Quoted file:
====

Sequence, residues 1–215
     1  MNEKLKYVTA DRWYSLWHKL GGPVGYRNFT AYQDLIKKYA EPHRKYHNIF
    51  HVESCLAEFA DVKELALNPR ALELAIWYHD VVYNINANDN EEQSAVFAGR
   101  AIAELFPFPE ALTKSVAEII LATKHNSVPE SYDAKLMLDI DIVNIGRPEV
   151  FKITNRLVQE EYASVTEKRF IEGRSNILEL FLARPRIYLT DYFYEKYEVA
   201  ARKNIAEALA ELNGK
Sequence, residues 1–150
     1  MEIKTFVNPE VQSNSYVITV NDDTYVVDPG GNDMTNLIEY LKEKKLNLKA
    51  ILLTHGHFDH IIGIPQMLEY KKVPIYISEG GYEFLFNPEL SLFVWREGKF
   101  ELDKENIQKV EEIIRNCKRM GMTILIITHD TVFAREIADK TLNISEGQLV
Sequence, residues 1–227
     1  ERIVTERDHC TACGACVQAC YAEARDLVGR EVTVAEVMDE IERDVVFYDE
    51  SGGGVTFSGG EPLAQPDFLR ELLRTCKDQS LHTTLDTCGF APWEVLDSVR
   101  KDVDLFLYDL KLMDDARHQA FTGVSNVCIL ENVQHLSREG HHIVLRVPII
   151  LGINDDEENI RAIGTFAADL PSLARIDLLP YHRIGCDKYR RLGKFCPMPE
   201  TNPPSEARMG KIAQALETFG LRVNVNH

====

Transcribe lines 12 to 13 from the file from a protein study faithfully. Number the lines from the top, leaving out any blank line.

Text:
     1  ERIVTERDHC TACGACVQAC YAEARDLVGR EVTVAEVMDE IERDVVFYDE
    51  SGGGVTFSGG EPLAQPDFLR ELLRTCKDQS LHTTLDTCGF APWEVLDSVR